I see some principles regarding integrity that are spelled out in this Psalm. If we will pay attention to them, they will help us be people who maintain integrity with God and others as well:
People with integrity embrace God totally. Look at verses one and two again: “I will sing of your love and justice; to you, O Lord, I will sing praise. 2 I will be careful to lead a blameless life– when will you come to me?” David sang of God’s love AND His justice.
When was the last time you sang a song about God’s love? Hardly a Sunday goes by that we don’t sing about God’s love. “Think About His Love,” “Love Lifted Me,” “O How He Loves You and Me,” “Amazing Love”-I could go on for quite some time listing title after title about the love of God. We love to sing about God’s love. From the time we were rocked in the nursery and some saint sang “Yes, Jesus Loves Me” over us, we were delighted to know about God’s love.
But when was the last time you sang about God’s justice? When was the last time you sang about God’s discipline? When was the last time you sang about God’s convicting power at work in your life? We need to be thankful that God treats us completely as His children. We need to be grateful that the convicting work of the Holy Spirit points out when we have sinned or when we are headed into dangerous territory. There is no correction without conviction and I think you’ll agree that it’s not on our radar to convict ourselves. We need the ongoing work of the Spirit in our lives to keep us from destruction.
David appreciated the accountability God’s justice brought to his life. Yes, we are safe in the love of God, but God’s unconditional love doesn’t give us license to live just any old way we please. His justice will demand an account for the way we spend our time, talents, and treasures. His justice will ask what we did with our free time and what happened behind closed doors. That knowledge of God’s justice ought to keep us desiring to be the people of integrity, morality and holiness that God desires.
If God wasn’t just, if there was no accountability for the way we live, we wouldn’t be as apt to choose a life of integrity and the consequences would be dire. Proverbs 11:3 says, The integrity of the upright guides them, but the unfaithful are destroyed by their duplicity.” Thank God that He is love, but thank and praise Him that He is also just. The reminder of His justice keeps us on the right path so that we are not destroyed by living a life of duplicity.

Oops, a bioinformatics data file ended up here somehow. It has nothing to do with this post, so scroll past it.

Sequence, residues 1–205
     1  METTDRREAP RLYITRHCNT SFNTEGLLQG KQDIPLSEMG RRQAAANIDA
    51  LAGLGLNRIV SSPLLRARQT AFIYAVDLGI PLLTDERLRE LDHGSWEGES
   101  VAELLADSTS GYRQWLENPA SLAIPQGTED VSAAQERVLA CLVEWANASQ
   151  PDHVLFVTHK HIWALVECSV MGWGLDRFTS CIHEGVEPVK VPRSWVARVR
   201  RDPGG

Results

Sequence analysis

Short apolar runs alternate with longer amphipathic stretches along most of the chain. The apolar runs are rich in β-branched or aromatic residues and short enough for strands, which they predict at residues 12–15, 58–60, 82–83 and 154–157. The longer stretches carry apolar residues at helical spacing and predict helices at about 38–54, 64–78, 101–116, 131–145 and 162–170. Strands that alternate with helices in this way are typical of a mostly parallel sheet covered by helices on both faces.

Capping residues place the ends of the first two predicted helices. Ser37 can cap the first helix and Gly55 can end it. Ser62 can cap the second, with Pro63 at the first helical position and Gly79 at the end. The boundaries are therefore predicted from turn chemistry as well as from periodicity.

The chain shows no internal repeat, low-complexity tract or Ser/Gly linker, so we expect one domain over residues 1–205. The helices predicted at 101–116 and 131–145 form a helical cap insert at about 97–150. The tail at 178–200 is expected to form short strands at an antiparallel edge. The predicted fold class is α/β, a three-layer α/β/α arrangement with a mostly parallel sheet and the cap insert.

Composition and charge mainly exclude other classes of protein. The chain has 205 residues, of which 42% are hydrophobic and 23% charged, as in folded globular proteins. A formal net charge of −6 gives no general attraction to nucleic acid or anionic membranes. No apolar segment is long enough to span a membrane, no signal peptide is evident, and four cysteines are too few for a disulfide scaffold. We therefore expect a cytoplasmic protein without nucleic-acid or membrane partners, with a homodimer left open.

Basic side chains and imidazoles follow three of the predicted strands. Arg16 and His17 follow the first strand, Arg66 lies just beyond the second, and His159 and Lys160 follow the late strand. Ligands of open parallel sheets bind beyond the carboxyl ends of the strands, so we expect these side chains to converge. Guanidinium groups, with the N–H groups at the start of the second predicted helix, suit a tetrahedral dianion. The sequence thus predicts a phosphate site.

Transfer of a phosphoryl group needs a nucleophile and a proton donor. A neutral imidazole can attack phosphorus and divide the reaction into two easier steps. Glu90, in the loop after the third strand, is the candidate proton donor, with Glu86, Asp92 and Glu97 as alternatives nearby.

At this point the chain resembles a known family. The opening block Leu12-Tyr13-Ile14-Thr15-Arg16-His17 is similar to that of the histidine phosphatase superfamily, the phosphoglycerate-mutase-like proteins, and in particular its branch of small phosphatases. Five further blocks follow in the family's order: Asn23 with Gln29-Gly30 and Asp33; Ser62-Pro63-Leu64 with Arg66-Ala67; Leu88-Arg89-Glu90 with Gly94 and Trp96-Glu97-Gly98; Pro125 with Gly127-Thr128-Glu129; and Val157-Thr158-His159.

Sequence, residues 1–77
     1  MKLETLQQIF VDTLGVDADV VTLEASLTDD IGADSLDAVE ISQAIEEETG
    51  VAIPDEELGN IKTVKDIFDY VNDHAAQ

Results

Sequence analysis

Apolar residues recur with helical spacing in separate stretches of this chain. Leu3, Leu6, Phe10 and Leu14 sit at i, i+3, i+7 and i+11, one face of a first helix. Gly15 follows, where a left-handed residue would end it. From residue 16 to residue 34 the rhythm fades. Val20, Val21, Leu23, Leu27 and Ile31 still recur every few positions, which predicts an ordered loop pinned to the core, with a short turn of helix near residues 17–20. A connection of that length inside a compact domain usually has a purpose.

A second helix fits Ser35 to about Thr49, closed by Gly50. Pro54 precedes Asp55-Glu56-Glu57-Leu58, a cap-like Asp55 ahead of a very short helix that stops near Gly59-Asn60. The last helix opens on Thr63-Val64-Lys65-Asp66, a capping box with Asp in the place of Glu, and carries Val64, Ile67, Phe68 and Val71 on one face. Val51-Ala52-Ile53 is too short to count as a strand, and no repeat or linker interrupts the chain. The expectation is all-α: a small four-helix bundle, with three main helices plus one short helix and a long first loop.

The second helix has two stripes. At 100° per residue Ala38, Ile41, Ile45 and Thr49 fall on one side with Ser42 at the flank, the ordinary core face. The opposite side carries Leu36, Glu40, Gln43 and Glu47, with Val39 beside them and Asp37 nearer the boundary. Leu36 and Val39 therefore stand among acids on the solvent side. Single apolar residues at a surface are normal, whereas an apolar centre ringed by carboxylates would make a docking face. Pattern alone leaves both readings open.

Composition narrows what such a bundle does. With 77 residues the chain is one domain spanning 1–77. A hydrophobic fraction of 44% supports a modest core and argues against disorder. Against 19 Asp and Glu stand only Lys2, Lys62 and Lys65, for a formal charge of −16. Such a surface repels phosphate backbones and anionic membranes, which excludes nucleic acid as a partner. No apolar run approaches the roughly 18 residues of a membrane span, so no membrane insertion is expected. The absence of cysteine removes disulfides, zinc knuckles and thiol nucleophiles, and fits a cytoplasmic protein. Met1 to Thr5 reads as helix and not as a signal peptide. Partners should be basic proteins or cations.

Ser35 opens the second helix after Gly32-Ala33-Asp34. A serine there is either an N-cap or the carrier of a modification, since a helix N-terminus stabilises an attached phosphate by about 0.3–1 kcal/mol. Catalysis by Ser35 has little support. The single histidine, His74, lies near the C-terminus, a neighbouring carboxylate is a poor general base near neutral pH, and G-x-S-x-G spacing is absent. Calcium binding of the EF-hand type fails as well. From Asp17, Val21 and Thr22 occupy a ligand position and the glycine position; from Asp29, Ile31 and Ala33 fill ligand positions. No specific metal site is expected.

Did you see the question in verse two? David asked, “When will you come to me?” He embraced not only who God was, but he also embraced God through relationship. It’s not just that He respected God’s love and justice from afar, but he desired to be with God and to be close to him. David knew the presence of God in his life would make a difference, so he longed for the presence of God.
I’m going to make a bold statement. I know that will shock you all—that I would say something that might ruffle some feathers. Here it is: “You can’t have true integrity apart from a relationship with God.”
Integrity involves knowing what is moral, what is right and choosing that. God is the Creator and Sustainer of all things. In creating us in His image, He has given us a capacity to make moral distinctions. However, we are fallen people. We’re born sinners. We’re born messed up and marred by sin. We don’t see things clearly. Our understanding is clouded by our desire to look out for ourselves and do what feels good to us.
Romans 7:15 begins, “I do not understand what I do. For what I want to do I do not do, but what I hate I do. 16 And if I do what I do not want to do, I agree that the law is good. 17 As it is, it is no longer I myself who do it, but it is sin living in me. 18 I know that nothing good lives in me, that is, in my sinful nature. For I have the desire to do what is good, but I cannot carry it out. 19 For what I do is not the good I want to do; no, the evil I do not want to do–this I keep on doing.
Have I made my point? Even if we think we know what is right, apart from God, we we’ll struggle to choose doing right all the time. Only as we let God deal with the sin problem in our lives and clear our clouded minds with His truth will we know for sure what is right and have the power to resist temptation to do the wrong thing.
(See a great article by Ray Cotton- http://www.leaderu.com/orgs/probe/docs/god-ethi.html)
Proverbs 13:6 says, “Righteousness guards the man of integrity, but wickedness overthrows the sinner.” We are being told that the man of integrity is kept straight by God. David knew it. That’s why he embraced God totally through relationship. His life would have to be saturated by God’s presence if he was going to live a life of integrity.
People with integrity not only embrace God totally, but they also live their private lives carefully. David said, “I will walk in my house with blameless heart.
David expressed a resolve to have integrity even when he was behind closed doors in his house. He was going to guard his heart at home.
We all have places in our lives that resemble David’s house, places where we think since we’re alone and the shades are drawn that it doesn’t matter. That trip out of town where you think “No one will know me, so I can stray a bit” or the time after hours at work when everyone else has gone home or when everyone else has gone to bed. Have you ever thought, “What I do in the privacy of my home is no one else’s business?” These thoughts are so pervasive in our culture. How about the phrase, “What happens in Vegas . . .?” (Stays in Vegas) The idea that we can pick and choose when to have integrity and think that somehow our overall integrity can still be maintained is faulty thinking.